A while back, it was announced that Canadian cannabis producer Canopy Growth sued UK-based GW Pharmaceuticals in US federal court. According to its allegation, GW knowingly infringes Canopy’s intellectual property. Although many may have thought that Canopy had every chance of winning, a Texas court has dismissed its lawsuit. While this first round goes the other way, Canopy still has the ability to appeal the ruling and continue with the legal process.
GW used a method patented by Canopy to extract the cannabidiol (CBD) that is the active ingredient in its drug Epidiolex. This is according to a complaint filed on December 22 in the US District Court for the Western District of Texas. Smiths Falls, Ontario-based Canopy said it acquired the intellectual property when it bought C3 Cannabinoid Compound Co. of Germany in 2019 for more than $250 million.
Late last week, Alan D. Albright ruled in favor of GW, declaring that no patents have been infringed in this case. According to the ruling, GW produced “confidential technical documents” about its manufacturing process during the course of the case.
Because of the court’s interpretation and in light of the defendant company’s documents, the ruling noted, Canopy determined that it “cannot prevail on the issue of infringement.” Canopy will now likely decide to appeal the court’s interpretation of the patent term at issue. At the moment, it is not known what the Canadian company’s next step will be.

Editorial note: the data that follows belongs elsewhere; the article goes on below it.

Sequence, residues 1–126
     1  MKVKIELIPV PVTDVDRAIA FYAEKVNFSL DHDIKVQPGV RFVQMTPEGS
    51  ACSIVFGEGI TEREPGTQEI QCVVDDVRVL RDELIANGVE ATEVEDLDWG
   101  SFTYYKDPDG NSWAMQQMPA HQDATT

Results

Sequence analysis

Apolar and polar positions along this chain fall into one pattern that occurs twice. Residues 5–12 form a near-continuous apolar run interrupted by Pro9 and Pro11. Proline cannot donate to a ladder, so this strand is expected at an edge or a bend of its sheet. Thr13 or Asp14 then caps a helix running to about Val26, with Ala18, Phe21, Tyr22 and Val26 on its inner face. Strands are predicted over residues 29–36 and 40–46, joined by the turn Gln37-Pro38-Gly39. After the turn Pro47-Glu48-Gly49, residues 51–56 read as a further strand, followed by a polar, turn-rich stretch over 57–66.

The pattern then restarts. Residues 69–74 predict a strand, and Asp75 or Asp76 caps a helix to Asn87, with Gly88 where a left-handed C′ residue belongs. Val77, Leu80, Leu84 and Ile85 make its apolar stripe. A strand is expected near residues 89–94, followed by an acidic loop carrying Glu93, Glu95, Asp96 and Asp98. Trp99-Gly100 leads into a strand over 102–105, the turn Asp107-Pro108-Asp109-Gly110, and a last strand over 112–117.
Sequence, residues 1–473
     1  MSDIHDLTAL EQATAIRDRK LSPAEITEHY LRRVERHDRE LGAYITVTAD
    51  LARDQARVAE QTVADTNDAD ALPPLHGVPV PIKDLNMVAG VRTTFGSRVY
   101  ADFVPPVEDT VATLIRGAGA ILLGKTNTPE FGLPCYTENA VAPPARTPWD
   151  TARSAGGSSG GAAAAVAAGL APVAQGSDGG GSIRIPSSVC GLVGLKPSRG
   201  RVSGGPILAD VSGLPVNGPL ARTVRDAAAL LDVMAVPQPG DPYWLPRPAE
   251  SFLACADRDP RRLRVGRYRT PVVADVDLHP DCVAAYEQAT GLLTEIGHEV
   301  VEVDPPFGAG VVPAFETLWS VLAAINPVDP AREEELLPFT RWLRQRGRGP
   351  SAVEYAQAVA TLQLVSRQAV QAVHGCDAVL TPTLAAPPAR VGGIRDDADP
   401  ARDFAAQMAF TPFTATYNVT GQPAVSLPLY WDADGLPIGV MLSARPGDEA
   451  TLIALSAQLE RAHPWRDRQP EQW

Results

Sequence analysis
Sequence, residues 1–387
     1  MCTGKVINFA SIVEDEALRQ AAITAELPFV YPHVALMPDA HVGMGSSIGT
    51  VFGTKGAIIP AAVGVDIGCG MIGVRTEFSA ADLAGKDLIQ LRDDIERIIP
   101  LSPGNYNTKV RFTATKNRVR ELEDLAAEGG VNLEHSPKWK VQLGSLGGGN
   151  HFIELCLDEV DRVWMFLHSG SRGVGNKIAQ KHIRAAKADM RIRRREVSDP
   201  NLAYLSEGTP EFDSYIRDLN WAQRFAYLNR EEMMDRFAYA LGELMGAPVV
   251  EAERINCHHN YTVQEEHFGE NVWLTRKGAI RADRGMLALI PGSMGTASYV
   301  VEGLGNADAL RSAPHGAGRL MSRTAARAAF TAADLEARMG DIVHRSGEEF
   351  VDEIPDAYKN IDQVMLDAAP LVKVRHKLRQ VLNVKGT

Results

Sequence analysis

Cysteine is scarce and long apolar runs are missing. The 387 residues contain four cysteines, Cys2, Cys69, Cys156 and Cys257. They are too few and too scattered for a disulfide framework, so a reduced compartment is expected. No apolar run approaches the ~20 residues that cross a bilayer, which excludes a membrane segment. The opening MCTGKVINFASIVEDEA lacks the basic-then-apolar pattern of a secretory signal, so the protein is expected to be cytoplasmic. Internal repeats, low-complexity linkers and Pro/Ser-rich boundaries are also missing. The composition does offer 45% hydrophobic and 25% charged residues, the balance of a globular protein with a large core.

Last year, Jazz Pharmaceuticals acquired GW. Bruce Cozadd, CEO of Jazz said that the company was pleased with the final decision produced by the court. “They have the right to appeal that, but we are certainly satisfied with our position,” Cozadd added.
Canopy is seeking damages for GW Pharma’s alleged patent infringement, as well as further damages due to the alleged willful nature of the infringement. The company’s spokesperson declined to provide further comment because the case is still ongoing.